For me, one of the best things about Mexico was having time to read and while I didn’t exactly get through the ambitious seven novels I brought, I did manage to read a couple. Among them was Therese Anne Fowler’s singular first novel Z.
Prior to discovering the novel, I had a vague idea of the glamorous literary lives of the Fitzgeralds, but an even more evasive notion of Zelda. Fowler’s compulsively readable Z brought her to life in vivid color. From her first meeting with Scott in 1918 at a country club dance to the dizzying years of their marriage lived in New York, Paris and Hollywood, Fowler captured the intense emotion, the magic, and the cracks of discontent wholly and lovingly.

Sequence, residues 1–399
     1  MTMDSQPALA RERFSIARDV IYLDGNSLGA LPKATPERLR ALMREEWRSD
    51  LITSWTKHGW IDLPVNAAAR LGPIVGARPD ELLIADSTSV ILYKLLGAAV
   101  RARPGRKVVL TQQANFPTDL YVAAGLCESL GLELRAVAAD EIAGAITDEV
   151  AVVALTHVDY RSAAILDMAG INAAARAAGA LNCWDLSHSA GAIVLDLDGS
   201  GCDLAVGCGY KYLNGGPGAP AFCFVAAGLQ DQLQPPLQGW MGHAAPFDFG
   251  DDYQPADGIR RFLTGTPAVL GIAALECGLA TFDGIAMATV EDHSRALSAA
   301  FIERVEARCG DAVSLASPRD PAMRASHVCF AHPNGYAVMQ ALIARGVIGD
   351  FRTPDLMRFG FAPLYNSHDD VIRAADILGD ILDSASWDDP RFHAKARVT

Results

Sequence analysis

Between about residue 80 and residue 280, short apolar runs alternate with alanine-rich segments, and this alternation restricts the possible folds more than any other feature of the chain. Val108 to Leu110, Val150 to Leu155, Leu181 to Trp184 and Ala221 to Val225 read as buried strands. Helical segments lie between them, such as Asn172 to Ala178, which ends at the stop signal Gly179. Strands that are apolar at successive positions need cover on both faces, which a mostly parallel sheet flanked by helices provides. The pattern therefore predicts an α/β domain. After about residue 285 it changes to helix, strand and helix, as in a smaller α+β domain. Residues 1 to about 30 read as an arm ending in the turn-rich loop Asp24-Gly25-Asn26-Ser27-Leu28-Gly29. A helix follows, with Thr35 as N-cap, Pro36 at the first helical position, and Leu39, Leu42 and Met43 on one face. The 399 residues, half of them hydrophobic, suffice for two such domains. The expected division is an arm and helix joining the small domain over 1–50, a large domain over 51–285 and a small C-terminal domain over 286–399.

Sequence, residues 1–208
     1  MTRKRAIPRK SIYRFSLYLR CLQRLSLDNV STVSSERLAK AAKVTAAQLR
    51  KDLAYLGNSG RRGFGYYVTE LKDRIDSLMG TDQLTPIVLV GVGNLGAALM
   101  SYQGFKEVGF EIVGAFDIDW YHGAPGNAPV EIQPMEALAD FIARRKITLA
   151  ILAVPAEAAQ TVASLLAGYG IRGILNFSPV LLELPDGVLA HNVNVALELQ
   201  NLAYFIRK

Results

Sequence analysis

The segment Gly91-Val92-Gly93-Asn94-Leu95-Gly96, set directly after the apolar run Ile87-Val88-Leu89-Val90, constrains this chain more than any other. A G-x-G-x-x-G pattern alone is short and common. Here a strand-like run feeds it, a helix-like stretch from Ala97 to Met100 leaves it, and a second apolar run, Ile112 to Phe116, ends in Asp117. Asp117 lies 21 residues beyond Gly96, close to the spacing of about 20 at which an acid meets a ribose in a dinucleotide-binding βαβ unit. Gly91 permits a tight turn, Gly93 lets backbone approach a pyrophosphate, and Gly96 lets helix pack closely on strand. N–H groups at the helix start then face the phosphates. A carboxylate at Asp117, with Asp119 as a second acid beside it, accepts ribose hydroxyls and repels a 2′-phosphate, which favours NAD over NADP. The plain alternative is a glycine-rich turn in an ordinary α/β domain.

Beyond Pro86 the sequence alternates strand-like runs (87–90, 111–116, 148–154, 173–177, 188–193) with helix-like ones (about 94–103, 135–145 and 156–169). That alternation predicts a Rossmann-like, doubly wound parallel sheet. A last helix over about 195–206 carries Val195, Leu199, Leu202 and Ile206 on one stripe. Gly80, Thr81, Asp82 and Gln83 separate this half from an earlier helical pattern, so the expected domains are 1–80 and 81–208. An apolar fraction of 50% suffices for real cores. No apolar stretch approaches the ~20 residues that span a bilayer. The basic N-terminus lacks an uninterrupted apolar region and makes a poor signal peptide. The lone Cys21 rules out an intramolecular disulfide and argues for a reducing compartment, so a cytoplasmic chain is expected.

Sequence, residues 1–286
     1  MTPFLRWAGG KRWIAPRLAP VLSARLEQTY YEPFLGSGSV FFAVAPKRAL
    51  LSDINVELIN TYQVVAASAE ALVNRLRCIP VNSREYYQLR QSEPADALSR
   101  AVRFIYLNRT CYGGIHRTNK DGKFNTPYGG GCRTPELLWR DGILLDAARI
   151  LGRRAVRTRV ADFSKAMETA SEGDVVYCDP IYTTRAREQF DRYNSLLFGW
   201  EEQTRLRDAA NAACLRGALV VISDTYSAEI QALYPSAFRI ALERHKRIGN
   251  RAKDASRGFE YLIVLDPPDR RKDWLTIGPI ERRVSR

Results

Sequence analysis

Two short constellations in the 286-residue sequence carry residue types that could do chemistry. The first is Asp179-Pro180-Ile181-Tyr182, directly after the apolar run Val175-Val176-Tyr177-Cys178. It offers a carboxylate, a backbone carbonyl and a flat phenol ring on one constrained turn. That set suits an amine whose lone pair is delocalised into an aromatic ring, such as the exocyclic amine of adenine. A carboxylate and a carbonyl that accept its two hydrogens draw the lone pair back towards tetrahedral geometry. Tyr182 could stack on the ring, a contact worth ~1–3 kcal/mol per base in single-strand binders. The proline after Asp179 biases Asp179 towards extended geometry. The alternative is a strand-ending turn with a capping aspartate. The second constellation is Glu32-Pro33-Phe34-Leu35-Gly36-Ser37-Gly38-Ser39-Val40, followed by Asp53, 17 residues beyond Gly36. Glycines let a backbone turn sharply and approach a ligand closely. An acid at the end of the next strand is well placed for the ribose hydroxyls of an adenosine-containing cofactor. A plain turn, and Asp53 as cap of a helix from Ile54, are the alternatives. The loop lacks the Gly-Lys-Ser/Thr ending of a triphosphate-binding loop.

Fowler did a great array of research to bring Zelda’s blurred life into focus, and even though this is a work of fiction, I was struck again and again by the logic and coherence. The connective tissues Fowler weaves through the often disjointed lives of Scott and Zelda seem so likely that it’s easy to forgets this is fiction. Or is it? In the novel’s afterward Fowler mentions uncanny “coincidences.” Much of Z was published on the same dates as The Great Gatsby, among other unusual occurrences.
Above all, Z is a beautifully rendered memoir-like novel brimming with insight, wit and authenticity. It’s for those of us who are curious, who want to know the inside story not for the gossip, but in order to really ‘get’ someone. You laugh and ache with Zelda, but above all, you cheer her on.